• Mothers disturbed when feeding their pups may escape to the water leading to under nourished pups who may not survive their first winter, or a mother may be forced to abandon her pup altogether
  • Try to admire from a distance, keep clear of large groups and mums with pups, and if seals approach you in the water, stay calm and avoid actions that might scare them


Cornwall’s coastline provides both food and safe resting spots for birds, many of which come here to breed from February to July or overwinter during the colder months. They need year-round safe places to rest and feed, and appropriate breeding grounds in cliffs, burrows and along beaches and estuaries above the high tide line. Scared birds may leave nests vulnerable, even knocking eggs or chicks into the sea. Agitated birds will raise their heads, bunch together, and sound alarm calls.

  • Keep your distance from seabird nesting sites (at least 50-300m for sensitive species) and avoid lingering during breeding seasons
  • Respect feeding and roosting areas, especially in bays, estuaries and marshes during autumn and winter

Dolphins, porpoises and whales

These animals appear along Cornwall’s coastline and out at sea, particularly bottlenose dolphins, which are often spotted feeding and socialising near the shore. Clear signs to move away include increased swimming speed, protective behaviour, or aggressive actions.

  • Change speed or direction or use sonar near them — engine noise can interfere with their echo-location and communication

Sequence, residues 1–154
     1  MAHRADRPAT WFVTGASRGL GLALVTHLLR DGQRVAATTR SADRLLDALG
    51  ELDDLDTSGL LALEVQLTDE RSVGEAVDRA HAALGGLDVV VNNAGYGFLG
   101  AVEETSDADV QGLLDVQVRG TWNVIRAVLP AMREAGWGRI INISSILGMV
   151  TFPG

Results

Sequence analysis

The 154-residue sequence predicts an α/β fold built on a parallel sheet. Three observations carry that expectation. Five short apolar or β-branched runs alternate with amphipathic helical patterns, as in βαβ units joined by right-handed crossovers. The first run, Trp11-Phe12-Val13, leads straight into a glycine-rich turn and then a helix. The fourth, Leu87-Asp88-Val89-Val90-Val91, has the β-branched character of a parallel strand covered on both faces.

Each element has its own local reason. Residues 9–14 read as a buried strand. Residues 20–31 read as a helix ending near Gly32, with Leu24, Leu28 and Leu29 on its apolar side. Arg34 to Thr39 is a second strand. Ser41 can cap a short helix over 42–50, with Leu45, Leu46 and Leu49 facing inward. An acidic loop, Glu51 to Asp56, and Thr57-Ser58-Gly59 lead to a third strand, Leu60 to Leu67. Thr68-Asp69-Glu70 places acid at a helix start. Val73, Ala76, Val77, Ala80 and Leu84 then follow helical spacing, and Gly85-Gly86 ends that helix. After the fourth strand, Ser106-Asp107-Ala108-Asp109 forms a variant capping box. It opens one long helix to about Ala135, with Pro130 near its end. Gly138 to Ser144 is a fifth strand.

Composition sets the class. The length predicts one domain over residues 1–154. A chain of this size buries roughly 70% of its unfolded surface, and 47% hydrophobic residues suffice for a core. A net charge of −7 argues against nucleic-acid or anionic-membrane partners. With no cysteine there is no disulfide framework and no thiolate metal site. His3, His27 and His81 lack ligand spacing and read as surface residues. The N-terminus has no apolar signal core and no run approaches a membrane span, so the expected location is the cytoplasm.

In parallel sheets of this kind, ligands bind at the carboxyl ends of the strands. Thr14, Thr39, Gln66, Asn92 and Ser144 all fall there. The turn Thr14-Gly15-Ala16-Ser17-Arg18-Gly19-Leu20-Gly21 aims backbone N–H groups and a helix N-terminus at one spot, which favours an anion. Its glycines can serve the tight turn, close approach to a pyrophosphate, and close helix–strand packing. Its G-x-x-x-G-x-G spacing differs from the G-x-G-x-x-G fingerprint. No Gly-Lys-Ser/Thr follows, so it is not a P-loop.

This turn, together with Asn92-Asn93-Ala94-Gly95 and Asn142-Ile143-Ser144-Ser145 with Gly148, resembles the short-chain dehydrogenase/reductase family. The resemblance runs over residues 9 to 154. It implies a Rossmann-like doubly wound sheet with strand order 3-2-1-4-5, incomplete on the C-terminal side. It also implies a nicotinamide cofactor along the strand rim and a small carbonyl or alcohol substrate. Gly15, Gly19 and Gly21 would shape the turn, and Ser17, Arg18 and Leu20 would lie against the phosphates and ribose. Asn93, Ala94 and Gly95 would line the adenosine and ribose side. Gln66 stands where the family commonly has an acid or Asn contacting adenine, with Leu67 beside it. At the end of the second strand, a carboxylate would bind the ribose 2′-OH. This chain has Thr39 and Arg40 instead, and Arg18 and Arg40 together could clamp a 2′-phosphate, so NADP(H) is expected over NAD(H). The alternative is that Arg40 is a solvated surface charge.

• If unexpectedly close, slow down, stop, and put the engine in neutral to prevent injuries

Basking sharks and turtles

The UK’s largest fish (and the world’s second largest), basking sharks may grow up to 11m long but are mostly placid creatures found around Cornwall’s coast in the spring and summer when they feed close to the surface. Five of the seven turtle species have been spotted in Cornish waters, including adult leatherback turtles, usually in late summer and autumn when the sea temperature is at its peak.

  • Avoid groups of basking whales or disrupting them during courtship and areas of breaching
  • If unexpectedly close, slow down, stop, or put the engine in neutral to prevent propeller injuries
  • Both species are at risk from marine litter, particularly plastic bags and fishing gear — ingesting plastics can block their digestive system and pose severe risks to their wellbeing.

How to report wildlife sightings and disturbances

Here’s what to do if you come across a suspected wildlife crime or disturbance:

  • If you see a suspected wildlife crime in action, call 999 immediately and ask for the police
  • If you see wildlife being disturbed, call 0345 201 26 26
  • If you come across a sick or injured animal, call British Divers Marine Life Rescue 01825 765546
  • If you find a dead marine animal (including seabirds), make sure you do not touch it and call the Marine Strandings Network on 0345 201 26 26

Find out how we’re inspiring better holidays by helping visitors to have more responsible, lower impact holidays in Cornwall